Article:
Walmart is expanding its grocery business and going after online retailer Amazon in the process.
The retail giant announced Friday that it will be partnering with ride-hailing services Uber, Lyft and delivery startup Deliv to test same-day grocery deliveries. Walmart has been expanding its online grocery business in recent years, letting customers order online and then simply pick their orders up at a nearby store.
Under this pilot program Walmart will be expanding into what’s known as “the last mile,” or delivery from the store to a customer’s home.
Walmart has been delivering in San Jose and Denver for the past few years, offering same-day delivery through a Walmart grocery truck. The company began testing grocery deliveries to business customers in Miami earlier this year through a partnership between its Sam’s Club brand and Deliv. The Uber and Lyft deliveries will be coming to Denver and Phoenix in the next two weeks, offering direct delivery from stores to customers. Uber will be handling deliveries in Phoenix, while Lyft will be covering Denver.
In addition to opening up new cities for deliveries, Walmart will also be expanding its grocery pickup service to 14 new markets this month. By the end of July the service will be in more than 60 markets, more than triple the 20 markets the company started with in April.
Similar to Amazon’s Prime Now, a customer orders items online and chooses a two-hour delivery window. Walmart employees then gather the items on the list and request a driver from one of the services to come and pick them up. Current items offered range from fresh produce and meat to bakery items, baby food, cosmetics, batteries, diapers or pet food. The company says 40,000 items are available, 30,000 of them food-related and 10,000 more general merchandise items.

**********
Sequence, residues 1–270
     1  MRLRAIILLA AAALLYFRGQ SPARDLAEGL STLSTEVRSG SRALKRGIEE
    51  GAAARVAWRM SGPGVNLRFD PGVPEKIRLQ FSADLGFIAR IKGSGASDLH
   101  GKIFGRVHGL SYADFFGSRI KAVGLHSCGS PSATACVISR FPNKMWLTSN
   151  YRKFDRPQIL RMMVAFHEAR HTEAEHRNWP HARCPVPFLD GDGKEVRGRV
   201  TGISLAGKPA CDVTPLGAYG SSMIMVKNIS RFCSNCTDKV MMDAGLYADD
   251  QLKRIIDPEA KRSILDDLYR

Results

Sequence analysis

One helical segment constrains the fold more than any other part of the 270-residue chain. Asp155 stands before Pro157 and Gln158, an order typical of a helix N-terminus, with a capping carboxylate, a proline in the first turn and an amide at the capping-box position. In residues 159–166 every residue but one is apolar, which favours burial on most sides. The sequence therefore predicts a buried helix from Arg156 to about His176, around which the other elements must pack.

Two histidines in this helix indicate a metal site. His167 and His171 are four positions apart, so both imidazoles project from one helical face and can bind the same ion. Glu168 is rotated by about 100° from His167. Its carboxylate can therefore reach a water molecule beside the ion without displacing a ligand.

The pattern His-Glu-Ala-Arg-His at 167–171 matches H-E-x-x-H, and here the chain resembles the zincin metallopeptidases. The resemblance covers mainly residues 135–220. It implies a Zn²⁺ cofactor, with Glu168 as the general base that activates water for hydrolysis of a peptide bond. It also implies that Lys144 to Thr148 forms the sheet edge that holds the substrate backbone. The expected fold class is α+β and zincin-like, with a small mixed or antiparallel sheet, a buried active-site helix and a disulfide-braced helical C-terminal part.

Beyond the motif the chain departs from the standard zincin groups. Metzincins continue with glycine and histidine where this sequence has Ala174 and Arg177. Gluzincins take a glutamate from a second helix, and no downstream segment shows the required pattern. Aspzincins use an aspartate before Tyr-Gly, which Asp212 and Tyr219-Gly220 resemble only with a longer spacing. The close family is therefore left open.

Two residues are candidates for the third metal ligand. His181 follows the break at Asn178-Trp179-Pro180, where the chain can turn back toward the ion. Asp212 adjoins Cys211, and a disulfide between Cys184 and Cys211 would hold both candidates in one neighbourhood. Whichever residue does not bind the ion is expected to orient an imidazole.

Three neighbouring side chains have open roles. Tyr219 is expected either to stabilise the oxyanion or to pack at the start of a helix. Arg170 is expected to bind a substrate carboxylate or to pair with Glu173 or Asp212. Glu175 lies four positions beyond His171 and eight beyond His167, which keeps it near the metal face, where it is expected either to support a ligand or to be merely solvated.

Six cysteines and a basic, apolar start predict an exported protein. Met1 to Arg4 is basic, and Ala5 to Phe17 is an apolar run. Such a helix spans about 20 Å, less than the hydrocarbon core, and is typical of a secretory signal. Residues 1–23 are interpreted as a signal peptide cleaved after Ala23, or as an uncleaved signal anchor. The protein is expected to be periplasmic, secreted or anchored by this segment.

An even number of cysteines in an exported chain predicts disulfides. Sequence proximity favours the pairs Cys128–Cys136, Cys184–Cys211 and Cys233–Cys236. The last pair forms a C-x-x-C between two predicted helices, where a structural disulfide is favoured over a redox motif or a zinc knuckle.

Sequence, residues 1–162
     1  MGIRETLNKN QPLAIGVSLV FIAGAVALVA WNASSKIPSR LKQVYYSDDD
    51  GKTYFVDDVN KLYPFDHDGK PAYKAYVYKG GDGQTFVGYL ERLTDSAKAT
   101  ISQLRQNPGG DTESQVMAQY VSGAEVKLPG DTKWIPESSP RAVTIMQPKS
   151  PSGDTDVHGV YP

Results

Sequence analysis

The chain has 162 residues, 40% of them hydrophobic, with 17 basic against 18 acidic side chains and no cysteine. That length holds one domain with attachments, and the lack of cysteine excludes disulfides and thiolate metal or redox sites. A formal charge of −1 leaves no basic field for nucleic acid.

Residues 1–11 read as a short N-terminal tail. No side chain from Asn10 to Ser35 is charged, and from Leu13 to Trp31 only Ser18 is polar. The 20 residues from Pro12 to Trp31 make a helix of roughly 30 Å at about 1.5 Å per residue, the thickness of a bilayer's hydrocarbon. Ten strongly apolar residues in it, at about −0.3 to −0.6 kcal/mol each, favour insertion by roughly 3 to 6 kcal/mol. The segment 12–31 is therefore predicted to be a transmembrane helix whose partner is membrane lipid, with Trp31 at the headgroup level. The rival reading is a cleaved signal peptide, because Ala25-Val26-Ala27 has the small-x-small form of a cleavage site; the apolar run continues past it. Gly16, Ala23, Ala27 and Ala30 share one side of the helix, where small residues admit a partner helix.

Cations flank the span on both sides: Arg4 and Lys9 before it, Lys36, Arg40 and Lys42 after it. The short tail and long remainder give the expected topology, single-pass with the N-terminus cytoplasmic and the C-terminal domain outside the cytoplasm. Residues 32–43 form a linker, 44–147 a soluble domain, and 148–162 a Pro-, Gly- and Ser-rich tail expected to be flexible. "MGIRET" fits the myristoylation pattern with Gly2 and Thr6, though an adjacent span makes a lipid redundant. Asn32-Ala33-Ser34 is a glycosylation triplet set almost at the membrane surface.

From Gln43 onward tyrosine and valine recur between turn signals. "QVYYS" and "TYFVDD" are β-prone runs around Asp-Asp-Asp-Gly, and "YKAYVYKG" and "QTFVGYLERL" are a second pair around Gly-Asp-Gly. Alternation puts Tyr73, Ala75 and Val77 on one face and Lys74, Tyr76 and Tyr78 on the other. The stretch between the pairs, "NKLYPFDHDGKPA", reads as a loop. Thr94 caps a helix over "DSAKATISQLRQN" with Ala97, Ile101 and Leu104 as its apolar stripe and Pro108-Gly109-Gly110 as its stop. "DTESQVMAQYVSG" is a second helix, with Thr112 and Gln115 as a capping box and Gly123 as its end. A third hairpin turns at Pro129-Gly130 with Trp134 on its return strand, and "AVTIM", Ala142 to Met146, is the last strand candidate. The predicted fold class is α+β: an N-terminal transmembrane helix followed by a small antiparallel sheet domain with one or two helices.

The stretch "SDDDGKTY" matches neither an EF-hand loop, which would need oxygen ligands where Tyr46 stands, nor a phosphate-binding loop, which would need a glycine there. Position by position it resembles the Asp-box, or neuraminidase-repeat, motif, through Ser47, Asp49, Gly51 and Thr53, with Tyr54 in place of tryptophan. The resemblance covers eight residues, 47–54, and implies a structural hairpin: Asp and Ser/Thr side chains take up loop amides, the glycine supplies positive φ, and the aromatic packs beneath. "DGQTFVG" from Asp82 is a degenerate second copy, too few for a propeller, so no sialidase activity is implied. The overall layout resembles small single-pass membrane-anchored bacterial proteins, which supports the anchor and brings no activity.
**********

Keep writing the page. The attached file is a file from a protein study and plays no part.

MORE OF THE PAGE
Walmart’s online grocery service applies only to orders of at least $30, with delivery costing $7 to $10 more. As Walmart is handling the delivery arrangement, customers do not need to pay the Uber or Lyft driver separately.
Amazon’s Prime now, by comparison, requires a $15 minimum order and includes free delivery but it’s necessary to be a member of the company’s $99 annual Prime service.
“We’re thrilled about the possibility of delivering new, convenient options to our customers, and about working with some transformative companies in this test,” said Michael Bender, chief operations officer of Walmart’s Global eCommerce division. “We’ll start small and let our customers guide us.”
The same-day delivery market has ballooned in recent years, with an increasing number of retailers offering the option. The market for the service is expected to reach over $987 million by 2019, according to data released late last year by research firm Technavio.
While not the first to offer same-day delivery — many have credited Amazon with helping bring the option mainstream — Walmart’s expansion will likely only improve upon delivery options.
“I think what this is just showing (is that) Amazon has completely changed the landscape of retail and Amazon almost single-handedly has made same-day the new standard,” says Daphne Carmeli, CEO of Deliv. It is also provider of same-day delivery services to Best Buy, Macy’s, Kohl’s, Foot Locker, 1-800-Flowers.com and Google’s Shopping Express, among others.
“They did it with Prime. There’s not a retailer out there that doesn’t have a two-day option, and now there’s not going to be a retailer out there that’s not going to have an option to get things today. … Walmart is the largest retailer in the world, and (their entrance is) once again saying, same-day is becoming the new standard.”
Source: USA Today